Which brings us onto the tiebreaker – Don Giovanni. Like with Cosi, there is an established benchmark recording in the catalogue – in this case the Wächter/Guilini recording on EMI. But unlike with the Böhm recording of Cosi, the Guilini recording is beginning to feel a little long in the tooth. Partly, I think, this is because it lacks the rawness that both Jacobs and Currentzis have shown can be found in Mozart – rawness which I feel needs to be an intrinsic part of a Don Giovanni performance, rather than an option extra (as it can be with Figaro and Cosi). So with this in mind, how do Jacobs and Currentzis compare? Well, unlike with Cosi, the more radical performance here is definitely Jacobs’. He lurches through unexpected tempo changes, and he manages to summon up a wild, thrusting momentum which suits the opera very well. And in the smaller numbers Jacobs’ interpretation is consistently the more interesting and fresh. In the larger numbers, however, the ensemble singing once again does quite dovetail together as smoothly as it could. Singers get lost in the blur of the music. In contrast, under Currentzis, everything is crisp and clear – if a little less elastic. Jacobs is also crippled by certain perfectly reasonable choices he made as a conductor, which don’t quite pay off. I could buy the younger, lighter tenor as the Don; but his Commandatore sounds underpowered, and this becomes a serious problem when the two are facing off against each other in the climax. To further compound the problem, Jacobs elects for a very quick tempo here – which is quite a shock if you’re used to the slow build up of tension that every other conductor in the repertoire goes for. Jacobs argues that this is more in keeping with Mozart’s original vision. Perhaps it is; perhaps it isn’t. All I can say is that, from a dramatic point of view, I don’t think that it works. In contrast, Currentzis’ less radical approach delivers much more successfully. His Don and his Commandatore face off in a satisfyingly robust fashion that offers no real surprises, but I think that this is one of the few moments in the Mozart canon when established practise nailed the best way forward a long time ago. The thing that surprised me most about the Currentzis recording, however, was its successful deployment of ornamentation. Unlike Jacobs’ occasionally heavy-handed use of it, here the trills and skips on repeated notes manage to add interest to the music without slowing the flow. They make a familiar score sound fresh and spontaneous again. I thoroughly enjoyed it. And although there are moments in the Jacobs recording that I couldn’t live without (the bit in the Peasant Wedding, for example, when the folk violin suddenly lurches forward in speed to throw the entire ensemble into the climax), overall I think that this is an example when less is more. I’ve only listened to the Currentzis performance twice so far, but already it’s beginning to eclipse the Guilini recording. Round three to Currentzis.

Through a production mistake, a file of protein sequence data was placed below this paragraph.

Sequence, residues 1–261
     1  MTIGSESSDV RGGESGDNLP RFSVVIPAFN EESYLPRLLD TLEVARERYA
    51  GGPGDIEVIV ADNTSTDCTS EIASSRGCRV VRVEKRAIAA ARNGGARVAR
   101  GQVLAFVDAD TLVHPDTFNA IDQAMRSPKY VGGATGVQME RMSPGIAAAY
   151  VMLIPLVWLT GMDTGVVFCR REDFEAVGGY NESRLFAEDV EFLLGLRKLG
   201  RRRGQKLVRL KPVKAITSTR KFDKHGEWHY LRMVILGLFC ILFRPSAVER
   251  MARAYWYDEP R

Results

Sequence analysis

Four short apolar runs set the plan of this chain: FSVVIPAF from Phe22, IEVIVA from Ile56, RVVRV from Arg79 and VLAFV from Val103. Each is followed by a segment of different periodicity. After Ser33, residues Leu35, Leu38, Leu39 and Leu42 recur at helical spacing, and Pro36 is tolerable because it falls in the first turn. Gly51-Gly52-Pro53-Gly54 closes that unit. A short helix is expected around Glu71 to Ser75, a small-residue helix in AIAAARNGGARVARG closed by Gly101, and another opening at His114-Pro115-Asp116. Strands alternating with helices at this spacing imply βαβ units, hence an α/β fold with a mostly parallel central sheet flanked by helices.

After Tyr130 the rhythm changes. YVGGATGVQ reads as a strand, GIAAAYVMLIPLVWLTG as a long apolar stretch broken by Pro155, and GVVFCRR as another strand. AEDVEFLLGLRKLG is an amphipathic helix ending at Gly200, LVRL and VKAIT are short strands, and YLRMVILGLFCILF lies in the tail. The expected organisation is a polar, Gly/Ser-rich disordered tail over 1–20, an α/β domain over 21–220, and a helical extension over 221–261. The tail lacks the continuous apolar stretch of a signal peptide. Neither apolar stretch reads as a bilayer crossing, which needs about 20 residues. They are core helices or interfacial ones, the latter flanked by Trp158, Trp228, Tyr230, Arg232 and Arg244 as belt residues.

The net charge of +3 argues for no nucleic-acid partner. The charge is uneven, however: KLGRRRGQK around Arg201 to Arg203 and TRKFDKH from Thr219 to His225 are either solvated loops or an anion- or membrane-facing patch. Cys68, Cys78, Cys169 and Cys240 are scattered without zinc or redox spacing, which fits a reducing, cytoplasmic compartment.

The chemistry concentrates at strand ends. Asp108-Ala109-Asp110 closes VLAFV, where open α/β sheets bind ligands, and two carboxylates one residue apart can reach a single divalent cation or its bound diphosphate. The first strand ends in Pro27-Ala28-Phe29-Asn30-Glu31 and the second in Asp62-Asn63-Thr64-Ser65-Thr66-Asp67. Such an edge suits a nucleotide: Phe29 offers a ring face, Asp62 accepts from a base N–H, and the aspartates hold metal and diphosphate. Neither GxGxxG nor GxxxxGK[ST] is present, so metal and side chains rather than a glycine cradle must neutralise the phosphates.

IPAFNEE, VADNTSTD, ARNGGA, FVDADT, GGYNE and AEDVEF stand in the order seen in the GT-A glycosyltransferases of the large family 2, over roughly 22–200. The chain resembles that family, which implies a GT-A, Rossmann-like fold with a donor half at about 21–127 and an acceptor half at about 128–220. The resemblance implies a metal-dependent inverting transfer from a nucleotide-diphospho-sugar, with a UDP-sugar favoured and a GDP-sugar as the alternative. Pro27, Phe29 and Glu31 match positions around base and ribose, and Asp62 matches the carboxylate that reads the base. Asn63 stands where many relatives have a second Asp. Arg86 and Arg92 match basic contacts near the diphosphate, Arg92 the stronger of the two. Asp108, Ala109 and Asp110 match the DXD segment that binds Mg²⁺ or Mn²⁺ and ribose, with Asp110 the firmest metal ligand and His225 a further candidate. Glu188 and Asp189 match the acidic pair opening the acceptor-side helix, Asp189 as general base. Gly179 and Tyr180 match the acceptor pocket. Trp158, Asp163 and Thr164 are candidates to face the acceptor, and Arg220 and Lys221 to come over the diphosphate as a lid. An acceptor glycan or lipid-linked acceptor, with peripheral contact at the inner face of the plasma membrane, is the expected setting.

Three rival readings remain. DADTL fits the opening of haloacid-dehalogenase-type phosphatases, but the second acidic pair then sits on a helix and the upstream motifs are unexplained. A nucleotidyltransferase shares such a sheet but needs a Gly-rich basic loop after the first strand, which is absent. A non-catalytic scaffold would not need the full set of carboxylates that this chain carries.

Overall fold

I’ll be very interested to hear what Currentzis decides to tackle next.